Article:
Duke Neurology Research Round-Up, March 2017
Blood biomarkers that could be able to identify specific types of traumatic brain injury, major epidemiological findings about missed opportunities in treating stroke patients, and new clues as to the role of genetics in multiple sclerosis are just a few of the 10 new articles our faculty contributed published in March 2017.
- New imaging techniques show promise for helping clinicians distinguish Parkinson’s disease from other non-neurodegenerative tremor disorders; however, questions remain about their overall utility. Lead authors Patrick Hickey, DO, Mark Stacy, MD, as well as Burton Scott, MD, PhD, Lisa Gauger, and, Maragatha Kuchibhatla, PhD (Biostatistics and Bioinformatics) investigated one new imaging technique, DaTSCAN, for people whose Parkinson’s diagnosis was more certain, finding that the technique had no impact on outcomes for this group. Read their study here.
- Distinguishing between complicated and uncomplicated forms of mild traumatic brain injury (TBI) is important for deciding how to triage and treat the most common form of brain injury; however, current imaging modalities used to make this distinction are costly and carry some risk. A team of researchers including Ellen Bennett, PhD, and Daniel Laskowitz, MD, MHS, collected blood serum from 110 patients with recent mild TBI, analyzed them for potential blood biomarkers, and identified several biomarkers that accurately differentiated between uncomplicated and complicated TBI. Read their study in PLoS One here.
- Yong Chen, PHD, Wolfgang Liedtke, MD, PhD, Carlene Moore, PhD, and other Duke colleagues discuss the significance of a new study by Mascarenhas et al that found that TRPV4 expression mediates mast cell activation in rosacea. Read their commentary in the Journal of Investigative Dermatology here.
- A new study by Ying Xian, MD, PhD, and colleagues at the DCRI found that more than 80 percent of stroke patients with a history of atrial fibrillation were not receiving the optimal regimen of anticoagulation drugs. Read Sarah Avery’s article on the subject here, or the original research article in JAMA here.
- Xian also contributed to a study in Circulation: Cardiovascular Quality and Outcomes that examined the correlation between hospital performance on door-to-balloon time for myocardial infarction and door-to-needle time for acute ishemic stroke, finding that no significant relationship between the two existed. Read their study here.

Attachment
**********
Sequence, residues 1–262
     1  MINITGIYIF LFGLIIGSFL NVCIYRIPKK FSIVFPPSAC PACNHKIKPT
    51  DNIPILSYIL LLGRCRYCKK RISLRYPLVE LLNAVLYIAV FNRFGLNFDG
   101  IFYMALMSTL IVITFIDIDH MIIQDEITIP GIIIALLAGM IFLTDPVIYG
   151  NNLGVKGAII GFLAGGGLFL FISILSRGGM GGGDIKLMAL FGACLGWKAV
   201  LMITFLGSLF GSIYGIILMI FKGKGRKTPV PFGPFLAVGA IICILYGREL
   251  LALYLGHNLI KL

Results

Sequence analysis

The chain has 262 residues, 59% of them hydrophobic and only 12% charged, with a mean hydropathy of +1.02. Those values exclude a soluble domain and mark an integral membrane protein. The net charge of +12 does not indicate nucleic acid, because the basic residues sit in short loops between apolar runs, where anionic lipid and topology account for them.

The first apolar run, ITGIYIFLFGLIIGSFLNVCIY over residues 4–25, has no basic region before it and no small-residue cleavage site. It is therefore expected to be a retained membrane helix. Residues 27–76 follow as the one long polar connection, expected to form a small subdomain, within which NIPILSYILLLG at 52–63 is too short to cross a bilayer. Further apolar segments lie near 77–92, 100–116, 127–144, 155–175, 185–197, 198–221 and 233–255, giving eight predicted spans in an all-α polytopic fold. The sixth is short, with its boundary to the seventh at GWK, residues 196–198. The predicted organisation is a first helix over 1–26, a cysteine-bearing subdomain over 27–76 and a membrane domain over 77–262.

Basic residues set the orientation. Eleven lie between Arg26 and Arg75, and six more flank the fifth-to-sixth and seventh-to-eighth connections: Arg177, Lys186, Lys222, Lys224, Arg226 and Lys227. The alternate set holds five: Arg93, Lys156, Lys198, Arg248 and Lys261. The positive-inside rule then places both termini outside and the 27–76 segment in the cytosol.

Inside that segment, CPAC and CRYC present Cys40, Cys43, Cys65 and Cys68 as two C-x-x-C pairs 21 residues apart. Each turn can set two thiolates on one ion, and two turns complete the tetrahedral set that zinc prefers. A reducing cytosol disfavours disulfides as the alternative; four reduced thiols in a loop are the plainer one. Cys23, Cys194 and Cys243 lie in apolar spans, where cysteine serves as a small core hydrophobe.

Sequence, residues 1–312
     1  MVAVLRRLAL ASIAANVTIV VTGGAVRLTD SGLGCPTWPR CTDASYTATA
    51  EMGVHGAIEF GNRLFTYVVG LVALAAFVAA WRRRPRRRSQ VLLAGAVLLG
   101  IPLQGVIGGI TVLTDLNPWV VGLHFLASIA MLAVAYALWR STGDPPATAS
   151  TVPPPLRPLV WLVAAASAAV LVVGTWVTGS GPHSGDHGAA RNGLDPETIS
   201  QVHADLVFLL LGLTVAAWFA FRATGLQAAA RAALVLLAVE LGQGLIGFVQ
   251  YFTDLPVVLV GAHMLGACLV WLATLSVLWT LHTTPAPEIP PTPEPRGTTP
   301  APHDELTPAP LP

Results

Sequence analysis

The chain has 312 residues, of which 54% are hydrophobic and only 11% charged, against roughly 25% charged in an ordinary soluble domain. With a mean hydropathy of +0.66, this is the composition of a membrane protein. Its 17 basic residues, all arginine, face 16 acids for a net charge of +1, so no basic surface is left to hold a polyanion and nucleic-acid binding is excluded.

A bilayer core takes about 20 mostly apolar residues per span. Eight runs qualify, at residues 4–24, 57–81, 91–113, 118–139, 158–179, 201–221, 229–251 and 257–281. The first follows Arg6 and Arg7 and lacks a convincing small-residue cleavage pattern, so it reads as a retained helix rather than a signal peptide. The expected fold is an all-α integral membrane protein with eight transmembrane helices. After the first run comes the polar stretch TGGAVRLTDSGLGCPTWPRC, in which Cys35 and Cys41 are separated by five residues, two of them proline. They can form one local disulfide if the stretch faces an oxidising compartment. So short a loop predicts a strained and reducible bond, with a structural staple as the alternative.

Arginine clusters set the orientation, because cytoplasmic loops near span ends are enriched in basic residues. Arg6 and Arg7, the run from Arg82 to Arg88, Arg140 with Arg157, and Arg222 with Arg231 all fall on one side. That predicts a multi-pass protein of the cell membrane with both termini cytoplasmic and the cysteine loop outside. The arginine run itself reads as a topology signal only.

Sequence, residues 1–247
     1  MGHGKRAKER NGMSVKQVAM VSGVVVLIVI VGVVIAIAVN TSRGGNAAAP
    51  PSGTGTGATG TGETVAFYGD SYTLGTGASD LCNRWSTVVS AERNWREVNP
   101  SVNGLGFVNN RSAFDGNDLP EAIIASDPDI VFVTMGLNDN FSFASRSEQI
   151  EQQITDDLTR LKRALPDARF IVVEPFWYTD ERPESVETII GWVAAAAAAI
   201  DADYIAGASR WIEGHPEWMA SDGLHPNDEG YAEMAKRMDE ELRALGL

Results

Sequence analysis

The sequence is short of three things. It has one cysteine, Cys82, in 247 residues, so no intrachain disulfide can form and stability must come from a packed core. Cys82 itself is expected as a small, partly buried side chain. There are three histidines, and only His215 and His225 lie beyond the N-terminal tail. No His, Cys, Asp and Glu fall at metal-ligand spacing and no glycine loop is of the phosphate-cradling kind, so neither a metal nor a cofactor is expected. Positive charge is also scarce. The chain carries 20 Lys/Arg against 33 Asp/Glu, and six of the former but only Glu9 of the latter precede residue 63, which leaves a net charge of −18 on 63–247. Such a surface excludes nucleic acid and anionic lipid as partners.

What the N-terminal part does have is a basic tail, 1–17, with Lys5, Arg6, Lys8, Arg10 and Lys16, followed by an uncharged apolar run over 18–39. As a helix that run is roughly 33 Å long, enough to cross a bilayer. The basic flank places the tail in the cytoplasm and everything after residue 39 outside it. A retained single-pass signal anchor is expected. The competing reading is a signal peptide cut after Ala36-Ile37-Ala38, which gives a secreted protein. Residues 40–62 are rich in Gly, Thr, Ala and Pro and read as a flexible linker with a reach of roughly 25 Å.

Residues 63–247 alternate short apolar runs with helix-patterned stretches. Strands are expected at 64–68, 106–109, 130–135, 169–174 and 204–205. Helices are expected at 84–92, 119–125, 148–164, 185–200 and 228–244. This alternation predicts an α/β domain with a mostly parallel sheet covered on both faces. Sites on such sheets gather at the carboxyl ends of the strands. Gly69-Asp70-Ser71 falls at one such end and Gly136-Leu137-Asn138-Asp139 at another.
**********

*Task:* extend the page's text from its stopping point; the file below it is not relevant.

- Simon Gregory, PhD, was the senior co-author of a new study in Cell which identified variants of particular genes that increase a person’s risk for multiple sclerosis. This research opens up a novel mechanism that is associated with the risk of multiple sclerosis and other autoimmune diseases Read Sarah Avery’s story on the subject, or read the original article in Cell here.
- Conventional wisdom has it that the buildup of amyloid proteins is responsible for Alzheimer’s disease. However, a new study by Peter Larsen, PhD (Duke Biology) as well as Michael Lutz, PhD, Allen Roses, MD, Ann Saunders, PhD, and other Duke researchers points to a new cause: the presence of specific “jumping genes” that interfere with the development of mitochondria, the energy-producing parts of the cell, in the brain. Read Robin Smith’s story in Duke Today, or the original study in Alzheimer’s and Dementia here.
- B10 cell frequencies may especially important for better understanding and treating myasthenia gravis, according to a new study by lead author Jeffrey Guptill, MD, MHS, as well as Karissa Gable, MD, Janice Massey, MD, Vern Juel, MD, Melissa Russo, Shruti Raja, MD, Lisa-Hobson Webb, MD, Kristina Balderson, Kent Weinhold, and colleagues at the Department of Surgery. The team’s research found that B10 cells are strongly associated with disease severity and suggested that therapies that restore B10 cells may be a new avenue to treat the condition. Read their study here.
- For the past decade, the standard of care for patients with newly diagnosed glioblastoma has remained largely unchanged Katherine Peters, MD, PhD was the senior author of a team of experts that discussed the use and potential benefits of Optume, a tumor-treating fields device that the FDA newly approved for this condition. Read their discussion in Critical Reviews in Oncology/Hematology here.
Lisa Hobson-Webb, MD, and colleagues participated in a discussion about their own research regarding the clinical features, diagnosis, and management of carpal tunnel syndrome in the latest issue of Lancet Neurology. Catch up on that discussion here.
P. Moghe's image of human nerve cells comes courtesy of the NIH's image gallery, available here.